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Oregon adopts new rules for crab

Quality control on the way to market
By Katie Frankowicz

The Daily Astorian

Published on April 23, 2018 5:35PM

Last changed on April 24, 2018 8:28AM

Oregon has new rules to track crab.

AP Photo/Eric Risberg

Oregon has new rules to track crab.

Harmful algal blooms complicated commercial Dungeness crab seasons on the Oregon Coast for the past three seasons, threatening the viability of the state’s most valuable fishery.

Now fishery managers and industry representatives hope new rules will allow more flexibility for where and how fishing closures occur when toxin levels spike, as well as improve the state’s ability to track contaminated crab through the seafood market.

Traceability measures were put in place on a temporary basis last December. The Oregon Fish and Wildlife Commission made the rules permanent at a meeting Friday in Astoria. The five commissioners present all voted in favor of adopting the new rules, though Commissioner Bruce Buckmaster of Astoria said he did not want to inadvertently penalize companies who already might have efficient tracking systems in place.

He supported the “intent and efforts” of the rules, though, saying, “It is of benefit to the fishing fleet, it’s a benefit to the processors.”

Representatives from West Coast seafood processing giant Pacific Seafood attended Friday’s meeting and had advocated for the ability to use the company’s existing electronic tracking system. They also did not want to have to track the date of crab landed under an evisceration order — when crab is sold with the guts removed. The company’s representatives said it could be difficult to provide these landing dates given the high volume of seafood the company handles and mixed lots with large date ranges that might be pulled out of storage.

Doug Heater, sales and fleet manager for Bornstein Seafoods in Astoria, also opposed certain aspects of the rules. In a letter to the commission, he said that while he agreed there needed to be better record keeping to track domoic acid-related issues, the rules would negatively impact the seafood company, which already has a recall plan in place. He worried the rules could be costly to follow and also lead to a “steep decline” in sales if buyers, worried about compliance, started sourcing their crab outside of Oregon.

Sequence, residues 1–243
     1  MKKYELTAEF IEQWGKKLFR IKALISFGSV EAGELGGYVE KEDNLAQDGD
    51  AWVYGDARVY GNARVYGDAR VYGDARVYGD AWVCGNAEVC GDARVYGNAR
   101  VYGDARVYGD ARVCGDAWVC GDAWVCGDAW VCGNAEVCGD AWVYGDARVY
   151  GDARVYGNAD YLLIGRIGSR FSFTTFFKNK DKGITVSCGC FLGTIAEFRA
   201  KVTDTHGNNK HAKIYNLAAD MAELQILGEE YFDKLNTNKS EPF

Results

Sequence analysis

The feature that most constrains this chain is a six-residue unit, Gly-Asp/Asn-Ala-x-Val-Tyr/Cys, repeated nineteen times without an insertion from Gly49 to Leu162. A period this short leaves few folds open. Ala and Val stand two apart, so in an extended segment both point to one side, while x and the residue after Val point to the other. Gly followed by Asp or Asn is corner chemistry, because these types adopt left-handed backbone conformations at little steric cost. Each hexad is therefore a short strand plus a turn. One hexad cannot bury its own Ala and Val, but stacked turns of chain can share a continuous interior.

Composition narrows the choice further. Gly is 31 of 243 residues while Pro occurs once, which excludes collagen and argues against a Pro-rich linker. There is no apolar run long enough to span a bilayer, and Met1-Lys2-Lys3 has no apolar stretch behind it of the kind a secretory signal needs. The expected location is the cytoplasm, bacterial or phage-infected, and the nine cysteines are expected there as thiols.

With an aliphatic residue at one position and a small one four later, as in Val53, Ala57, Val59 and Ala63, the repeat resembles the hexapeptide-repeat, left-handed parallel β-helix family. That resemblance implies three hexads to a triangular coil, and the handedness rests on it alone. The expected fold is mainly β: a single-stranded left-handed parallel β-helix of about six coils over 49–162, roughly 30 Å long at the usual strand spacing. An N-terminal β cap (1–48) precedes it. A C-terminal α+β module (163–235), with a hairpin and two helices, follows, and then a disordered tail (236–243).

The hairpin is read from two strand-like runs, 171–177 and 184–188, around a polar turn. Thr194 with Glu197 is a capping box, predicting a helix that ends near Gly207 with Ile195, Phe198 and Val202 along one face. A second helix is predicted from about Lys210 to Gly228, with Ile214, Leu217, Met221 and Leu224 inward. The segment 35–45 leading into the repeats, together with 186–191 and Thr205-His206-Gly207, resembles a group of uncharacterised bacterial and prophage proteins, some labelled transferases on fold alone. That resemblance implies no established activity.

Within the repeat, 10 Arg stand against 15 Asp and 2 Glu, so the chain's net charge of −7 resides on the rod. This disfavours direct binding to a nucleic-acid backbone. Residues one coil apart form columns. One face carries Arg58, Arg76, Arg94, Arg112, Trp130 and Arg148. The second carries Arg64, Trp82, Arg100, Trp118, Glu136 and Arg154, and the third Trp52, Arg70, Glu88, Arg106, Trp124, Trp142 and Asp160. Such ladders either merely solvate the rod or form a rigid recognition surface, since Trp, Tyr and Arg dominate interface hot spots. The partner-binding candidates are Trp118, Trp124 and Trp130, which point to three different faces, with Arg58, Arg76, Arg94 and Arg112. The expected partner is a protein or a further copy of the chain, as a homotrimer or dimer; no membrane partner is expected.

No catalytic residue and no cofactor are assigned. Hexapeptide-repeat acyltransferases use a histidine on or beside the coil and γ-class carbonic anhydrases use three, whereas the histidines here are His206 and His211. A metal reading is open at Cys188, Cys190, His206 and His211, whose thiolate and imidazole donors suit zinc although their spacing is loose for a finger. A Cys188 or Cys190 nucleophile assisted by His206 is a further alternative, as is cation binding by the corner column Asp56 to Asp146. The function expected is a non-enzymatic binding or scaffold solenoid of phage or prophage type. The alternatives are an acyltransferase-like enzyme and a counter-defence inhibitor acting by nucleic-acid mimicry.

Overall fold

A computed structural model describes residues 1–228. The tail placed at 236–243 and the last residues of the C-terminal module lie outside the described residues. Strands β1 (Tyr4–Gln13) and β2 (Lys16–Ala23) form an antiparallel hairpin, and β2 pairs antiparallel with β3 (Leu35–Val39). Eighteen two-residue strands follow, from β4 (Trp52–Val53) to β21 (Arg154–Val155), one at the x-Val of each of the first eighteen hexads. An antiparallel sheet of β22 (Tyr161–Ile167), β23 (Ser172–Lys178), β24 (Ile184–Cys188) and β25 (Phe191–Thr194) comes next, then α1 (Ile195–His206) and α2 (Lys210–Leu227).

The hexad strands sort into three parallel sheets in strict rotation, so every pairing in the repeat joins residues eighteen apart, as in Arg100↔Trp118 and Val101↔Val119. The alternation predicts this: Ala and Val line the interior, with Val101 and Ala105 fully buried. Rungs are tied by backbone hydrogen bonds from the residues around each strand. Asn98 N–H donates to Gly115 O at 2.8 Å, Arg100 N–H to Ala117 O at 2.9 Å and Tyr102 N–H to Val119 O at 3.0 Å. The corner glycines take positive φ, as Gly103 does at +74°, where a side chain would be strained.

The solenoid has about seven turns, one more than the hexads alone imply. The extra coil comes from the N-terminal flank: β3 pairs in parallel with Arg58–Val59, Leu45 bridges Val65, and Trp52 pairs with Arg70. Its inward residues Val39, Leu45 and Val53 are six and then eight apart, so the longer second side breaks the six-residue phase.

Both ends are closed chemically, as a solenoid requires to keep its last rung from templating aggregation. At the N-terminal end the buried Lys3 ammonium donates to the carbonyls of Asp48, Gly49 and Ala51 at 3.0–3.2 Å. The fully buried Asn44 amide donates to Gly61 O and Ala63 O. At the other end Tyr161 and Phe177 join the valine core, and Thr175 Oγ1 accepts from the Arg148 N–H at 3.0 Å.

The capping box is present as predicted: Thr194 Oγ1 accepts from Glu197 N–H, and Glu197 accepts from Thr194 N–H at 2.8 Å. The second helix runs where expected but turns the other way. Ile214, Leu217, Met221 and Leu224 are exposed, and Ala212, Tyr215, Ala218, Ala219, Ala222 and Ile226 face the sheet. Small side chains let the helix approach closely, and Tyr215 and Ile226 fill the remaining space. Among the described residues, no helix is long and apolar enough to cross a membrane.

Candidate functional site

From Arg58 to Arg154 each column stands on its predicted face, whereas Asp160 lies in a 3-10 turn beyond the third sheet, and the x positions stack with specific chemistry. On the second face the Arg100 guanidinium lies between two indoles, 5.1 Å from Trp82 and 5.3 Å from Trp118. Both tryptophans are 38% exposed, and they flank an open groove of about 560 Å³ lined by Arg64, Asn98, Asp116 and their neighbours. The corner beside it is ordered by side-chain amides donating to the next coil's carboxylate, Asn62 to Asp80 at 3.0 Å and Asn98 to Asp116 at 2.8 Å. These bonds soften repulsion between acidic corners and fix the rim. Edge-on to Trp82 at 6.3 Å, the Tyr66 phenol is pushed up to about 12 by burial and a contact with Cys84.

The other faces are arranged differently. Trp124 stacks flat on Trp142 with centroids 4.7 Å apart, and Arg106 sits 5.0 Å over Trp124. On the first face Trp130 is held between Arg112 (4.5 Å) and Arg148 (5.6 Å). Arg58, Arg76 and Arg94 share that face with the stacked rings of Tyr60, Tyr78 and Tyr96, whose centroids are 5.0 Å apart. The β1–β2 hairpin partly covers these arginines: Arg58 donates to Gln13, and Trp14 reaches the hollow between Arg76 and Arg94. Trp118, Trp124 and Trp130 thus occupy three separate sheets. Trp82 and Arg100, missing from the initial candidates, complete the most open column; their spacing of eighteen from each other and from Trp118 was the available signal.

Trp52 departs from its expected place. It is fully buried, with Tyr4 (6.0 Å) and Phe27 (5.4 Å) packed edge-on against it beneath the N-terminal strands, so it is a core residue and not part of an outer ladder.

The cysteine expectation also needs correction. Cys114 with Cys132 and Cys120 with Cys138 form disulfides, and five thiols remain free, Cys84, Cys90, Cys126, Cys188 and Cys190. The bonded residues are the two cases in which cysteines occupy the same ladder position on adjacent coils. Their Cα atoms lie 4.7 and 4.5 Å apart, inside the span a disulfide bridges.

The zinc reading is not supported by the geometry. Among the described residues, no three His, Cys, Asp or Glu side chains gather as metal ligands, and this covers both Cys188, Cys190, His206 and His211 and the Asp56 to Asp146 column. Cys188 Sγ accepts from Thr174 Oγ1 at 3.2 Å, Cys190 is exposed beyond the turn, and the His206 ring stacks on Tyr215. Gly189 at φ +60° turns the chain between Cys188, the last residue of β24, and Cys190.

The new rules outline evisceration protocols that go into place when levels of the naturally occurring marine toxin domoic acid spike. The toxin can accumulate at high levels in a crab’s guts, but remove the guts and the meat is still safe to eat. The rules also establish 12 distinct crabbing zones on the Oregon Coast, narrowing the areas that can be closed or opened at any given time. The rules also require fishermen, buyers and sellers to prepare more documentation about exactly when and where crab were caught and to ensure that this trail follows the crab.

“There has been some more paper, but we haven’t found that it’s been too much of a burden on us,” said Cari Brandberg, of Living Pacific Seafood and Chelsea Rose Seafood in Newport. Brandberg represented independent buyers on an advisory committee that met last year to craft and hone the new rules.

“It’s been fairly easy to keep up on it,” she added. “I guess the real question is if there’s a recall ever, what will happen, and how easy it is to trace back.”

For buyers and processors, though, the rules offer a way to assure themselves and consumers that crab caught in certain places — at certain times — is guaranteed to be safe.

In the past, when crab is tested and found to have high levels of domoic acid in its viscera or meat, “our crab might be hot as well,” Brandberg said. “This way, we can say, ‘No, we know our crab is safe and free from domoic acid.”

Caren Braby, marine resources program manager with the Oregon Department of Fish and Wildlife, who presented the proposed rules to the commission, said the traceability rules serve a dual purpose: They keep consumers informed and safe, but also allow fishermen and processors to keep safe crab rolling toward market.

“It’s one more tool in the tool box in case domoic rears its ugly head and we have to make decisions on if we’re going to open and where we’re going to open,” said Hugh Link, executive director of the Oregon Dungeness Crab Commission. He had not yet seen the final rules the Fish and Wildlife Commission approved, but was familiar with the proposal and last year’s discussions.

The rules might be a difficult adjustment at first, especially when it comes to the mass buying of Dungeness crab, he said.

“I think that over time, they’ll be adapted to,” he said, adding, “There’s always going to be little issues, unforeseen circumstances that we can cover a little later.”

The current commercial crab season was delayed not by domoic acid, but by the low amount of meat crabs were carrying, negotiations over the starting price per pound and bad weather. As of March 29, fishermen had landed more than 21 million pounds for an ex-vessel value of $63.5 million — both numbers up from the last season. The average price per pound has hovered at just under $3.


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